In a personal injury or wrongful death lawsuit, it is not enough to show the defendant was at fault for the plaintiff’s injuries. Under Georgia law, a plaintiff cannot recover damages if he or she is “50 percent or more responsible” for the injuries suffered. The question of responsibility is typically decided by a jury. In some cases, a trial judge may grant one party summary judgment if he or she determines there is no genuine dispute over the facts. But judges must be careful not to short-circuit the trial process, as the Georgia Court of Appeals explained in one recent case.
Reed v. Carolina Casualty Insurance Company
In 2008, a commercial tractor-trailer driver parked his vehicle in an emergency lane at the intersection of Interstate 285 and Interstate 75 in Cobb County. It was early in the morning and the driver wanted to rest. Nevertheless, parking in an emergency lane violates Georgia traffic laws.
Around 3 a.m., a Ford Explorer with two persons inside made its way down I-75 towards the I-285 intersection. The driver of the Explorer had been drinking and was later found to have a blood-alcohol level beyond the legal maximum in Georgia. The conditions were wet and rainy, and the driver was going faster than was advisable (or legal). As the driver made his turn on to I-285, he lost control, and the Explorer hit a guardrail. The vehicle skidded down the emergency lane and collided with the parked tractor-trailer, causing an explosion and fire. The Explorer driver died as a result of injuries sustained in the impact and subsequent fire.
The driver’s estate and next-of-kin sued the tractor-trailer driver for wrongful death. The plaintiffs argued that had the defendant not illegally parked his vehicle in an emergency lane, there would have been no explosion. The trial judge awarded summary judgment to the defendant, finding no reasonable juror could conclude the deceased Explorer driver was not at least 50 percent responsible for the accident, given that he had been legally drunk and driving too fast for hazardous road conditions.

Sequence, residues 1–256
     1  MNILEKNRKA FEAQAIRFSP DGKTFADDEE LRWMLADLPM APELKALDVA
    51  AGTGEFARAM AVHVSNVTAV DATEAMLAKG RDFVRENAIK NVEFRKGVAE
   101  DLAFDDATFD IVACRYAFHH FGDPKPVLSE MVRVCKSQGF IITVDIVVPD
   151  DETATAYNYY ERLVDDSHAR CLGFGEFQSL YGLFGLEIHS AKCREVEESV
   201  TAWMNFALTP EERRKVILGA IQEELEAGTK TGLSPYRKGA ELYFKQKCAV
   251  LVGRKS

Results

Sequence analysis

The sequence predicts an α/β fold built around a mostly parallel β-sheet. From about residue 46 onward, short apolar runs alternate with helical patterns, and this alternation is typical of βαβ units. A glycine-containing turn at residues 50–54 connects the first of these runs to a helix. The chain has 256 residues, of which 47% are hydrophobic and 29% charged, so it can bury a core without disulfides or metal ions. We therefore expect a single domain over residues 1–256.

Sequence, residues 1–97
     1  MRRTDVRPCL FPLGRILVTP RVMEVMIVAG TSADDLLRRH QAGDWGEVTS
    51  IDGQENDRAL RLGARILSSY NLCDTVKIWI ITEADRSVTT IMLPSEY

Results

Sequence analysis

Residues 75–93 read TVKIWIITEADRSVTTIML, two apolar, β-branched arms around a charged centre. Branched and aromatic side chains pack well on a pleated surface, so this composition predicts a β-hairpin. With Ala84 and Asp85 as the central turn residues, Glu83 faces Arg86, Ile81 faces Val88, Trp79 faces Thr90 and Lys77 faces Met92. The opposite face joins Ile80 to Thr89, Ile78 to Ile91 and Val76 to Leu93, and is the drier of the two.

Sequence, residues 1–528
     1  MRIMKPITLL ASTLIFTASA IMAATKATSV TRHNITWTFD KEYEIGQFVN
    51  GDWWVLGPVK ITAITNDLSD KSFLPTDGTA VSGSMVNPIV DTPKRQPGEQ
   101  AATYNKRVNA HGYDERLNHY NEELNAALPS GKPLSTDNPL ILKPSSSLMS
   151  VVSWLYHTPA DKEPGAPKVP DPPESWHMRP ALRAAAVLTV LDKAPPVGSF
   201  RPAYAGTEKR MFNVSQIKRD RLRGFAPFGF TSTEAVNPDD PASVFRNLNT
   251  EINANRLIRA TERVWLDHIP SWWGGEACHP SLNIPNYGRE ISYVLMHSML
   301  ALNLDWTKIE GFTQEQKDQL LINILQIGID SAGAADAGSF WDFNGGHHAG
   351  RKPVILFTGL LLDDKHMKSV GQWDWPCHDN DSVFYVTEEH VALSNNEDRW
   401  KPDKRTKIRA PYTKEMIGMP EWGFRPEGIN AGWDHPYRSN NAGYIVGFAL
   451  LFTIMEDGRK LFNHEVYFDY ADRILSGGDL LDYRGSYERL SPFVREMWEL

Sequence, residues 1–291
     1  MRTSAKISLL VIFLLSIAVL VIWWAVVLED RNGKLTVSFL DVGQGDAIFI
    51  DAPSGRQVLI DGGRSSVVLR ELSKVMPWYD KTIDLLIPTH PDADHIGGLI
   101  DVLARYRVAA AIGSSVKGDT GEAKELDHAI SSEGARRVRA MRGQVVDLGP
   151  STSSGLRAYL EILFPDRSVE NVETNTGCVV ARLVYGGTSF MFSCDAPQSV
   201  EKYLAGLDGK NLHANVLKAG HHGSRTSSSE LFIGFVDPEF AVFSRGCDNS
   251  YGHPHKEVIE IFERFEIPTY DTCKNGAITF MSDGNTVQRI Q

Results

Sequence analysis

The Georgia Court of Appeals reversed the grant of summary judgment and returned the case for trial. Judge Elizabeth L. Branch, writing for a three-judge appeals panel, said there was still a “disputed issue of fact” as to whether the trailer’s presence in the emergency lane caused the explosion, and ultimately the victim’s death. Judge Branch noted there was evidence in the record that both drivers violated traffic laws that morning, and it was still unclear whether the victim was “50 percent or more at fault.” Furthermore, a jury might conclude the tractor-trailer driver should have anticipated another motorist, driving on a wet road in the middle of the night, could have struck his vehicle and caused an explosion, regardless of the other driver’s intoxication or reckless driving. Again, these are questions for a jury to sort out.
On a motion for reconsideration, which was denied, the appeals court further explained that the victim’s estate and family could still recover damages even if he was legally drunk. The victim’s failure to “exercise ordinary care” over himself may have led to him losing control of his vehicle, but the issue in this case is whether or not the presence of the tractor-trailer led to the explosion.